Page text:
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Let's consider a class with overloaded unary operator & (Address-of). Let it be class A

template <class C>
class A
{
public:
    C * operator &()
    {
        return &data;
    }
    //...
private:
    C data;
}

Now I want to pass to some function a pointer of type A to fill its data. Let us call it f

void f(A * auto_containter)
{
    //...
}

But it is clear why the code bellow wouldn't work (even wouldn't compile). It is because the overloaded operator is called.

A a;
f(&a);

The question is following:

Is there any syntax to pass address of a to f? If no, then for me it is very strange why it is allowed to overload unary operator &, because it makes code more buggy and difficult to understand. Or there are some other reasons?

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1  
Abusing operator overloading does make the code harder to decode (and thus understand). Like all tools that are provided don't abuse them. –  Loki Astari Jun 20 '11 at 13:47
    
You asked for syntax so this isn't an answer, but you could write A * A::addressof() { return this; } –  Ben Jackson Jun 20 '11 at 18:01

6 Answers 6

up vote 11 down vote accepted

Use boost::addressof function. In any case, overloading unary & is highly dubious. Why do it instead of having a named function that returns the address of your data?

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2  
I agree that it's dubious, possibly even a mistake in the standard to permit it since the address of an object is a more fundamental concept than the operator used to obtain it, which is why every type works with operator& by default, unlike say operator+. But the classic answer to the "why do it" is to say, "I don't want to use a named function because I want to write generic code that takes addresses, and works with int, but when this class is used in that generic code I want it to use this other address". So explain why that's a mistake and we're done ;-) –  Steve Jessop Jun 20 '11 at 11:24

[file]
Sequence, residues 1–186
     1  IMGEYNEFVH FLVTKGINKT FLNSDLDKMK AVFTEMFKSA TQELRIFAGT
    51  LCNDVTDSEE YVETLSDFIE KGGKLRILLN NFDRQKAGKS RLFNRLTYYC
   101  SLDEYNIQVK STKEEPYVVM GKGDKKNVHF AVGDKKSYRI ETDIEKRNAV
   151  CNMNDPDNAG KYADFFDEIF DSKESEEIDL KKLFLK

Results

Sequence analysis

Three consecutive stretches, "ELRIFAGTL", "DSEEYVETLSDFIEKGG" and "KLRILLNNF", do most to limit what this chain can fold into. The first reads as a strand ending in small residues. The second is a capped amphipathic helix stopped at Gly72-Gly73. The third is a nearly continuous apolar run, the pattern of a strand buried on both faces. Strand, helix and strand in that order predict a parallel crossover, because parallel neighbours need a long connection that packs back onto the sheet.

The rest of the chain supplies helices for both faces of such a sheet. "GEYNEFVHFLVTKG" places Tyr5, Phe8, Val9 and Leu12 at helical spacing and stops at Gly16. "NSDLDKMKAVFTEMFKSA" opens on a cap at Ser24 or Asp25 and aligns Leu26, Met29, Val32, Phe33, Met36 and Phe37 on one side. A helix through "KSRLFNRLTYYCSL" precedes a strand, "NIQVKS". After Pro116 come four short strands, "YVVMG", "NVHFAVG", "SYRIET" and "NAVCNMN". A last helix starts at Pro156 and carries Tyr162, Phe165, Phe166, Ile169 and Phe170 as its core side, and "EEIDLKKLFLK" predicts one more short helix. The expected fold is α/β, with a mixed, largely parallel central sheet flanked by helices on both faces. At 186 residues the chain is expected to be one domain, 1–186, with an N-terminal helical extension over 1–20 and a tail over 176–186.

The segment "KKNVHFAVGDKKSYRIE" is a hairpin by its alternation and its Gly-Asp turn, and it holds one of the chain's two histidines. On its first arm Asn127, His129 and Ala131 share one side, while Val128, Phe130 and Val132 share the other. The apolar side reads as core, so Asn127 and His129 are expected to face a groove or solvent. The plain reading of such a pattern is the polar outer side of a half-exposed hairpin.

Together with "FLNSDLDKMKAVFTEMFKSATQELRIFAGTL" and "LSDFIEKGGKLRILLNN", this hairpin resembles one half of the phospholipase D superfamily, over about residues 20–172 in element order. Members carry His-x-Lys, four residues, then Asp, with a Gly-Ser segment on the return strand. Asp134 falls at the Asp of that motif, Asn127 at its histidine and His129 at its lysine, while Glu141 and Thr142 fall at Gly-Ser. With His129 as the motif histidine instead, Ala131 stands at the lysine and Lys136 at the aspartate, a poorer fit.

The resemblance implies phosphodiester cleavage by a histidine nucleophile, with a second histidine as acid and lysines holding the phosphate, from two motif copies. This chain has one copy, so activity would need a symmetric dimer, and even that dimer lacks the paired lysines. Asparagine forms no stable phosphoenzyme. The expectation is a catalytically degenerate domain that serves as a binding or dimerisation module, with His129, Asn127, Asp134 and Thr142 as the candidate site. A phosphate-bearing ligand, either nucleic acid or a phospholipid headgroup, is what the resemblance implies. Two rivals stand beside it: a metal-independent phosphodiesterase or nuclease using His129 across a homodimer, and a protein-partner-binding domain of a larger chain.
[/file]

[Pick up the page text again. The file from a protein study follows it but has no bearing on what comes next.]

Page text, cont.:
4  
For instance, you could change the generic code to use a type traits template to get the address, rather than unary &. –  Steve Jessop Jun 20 '11 at 11:27
    
This functionality was included in C++11 as std::addressof(). –  Hugues Apr 19 at 18:01

Is there any syntax to pass address of a to f?

Yes, there's ugly syntax:

f( reinterpret_cast<A*>( &reinterpret_cast<char&>(a) ) );

boost::addressof is a nice and generic wrapper around it.

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Why would you ever want to overload the unary operator&?

Aside from that, there is boost::addressof.

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Is there any syntax to pass address of a to f?

Others have already pointed out boost::addressof. The mechanism it relies on is a standard-guaranteed use of the built-in address operator for a reinterpret_cast to reference type. The Boost function just wraps the rather verbose and awkward combination of casts.

If no, then for me it is very strange why it is allowed to overload unary operator &, because if will make code more buggy and difficult to understand. Or there are some other reasons?

In some cases it can be more convenient. For example, a smart pointer class might offer a custom address operator in order to support writing &p as actual argument to a T** formal argument. However, I think nowadays it’s generally recognized that it isn’t all that good an idea.

Cheers & hth.,

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Your scenario never really comes up, because anyone who is writing that function will take a reference, not a pointer. Plus, you forgot to instantiate A with an example type for C.

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This is why boost::addressof was invented.

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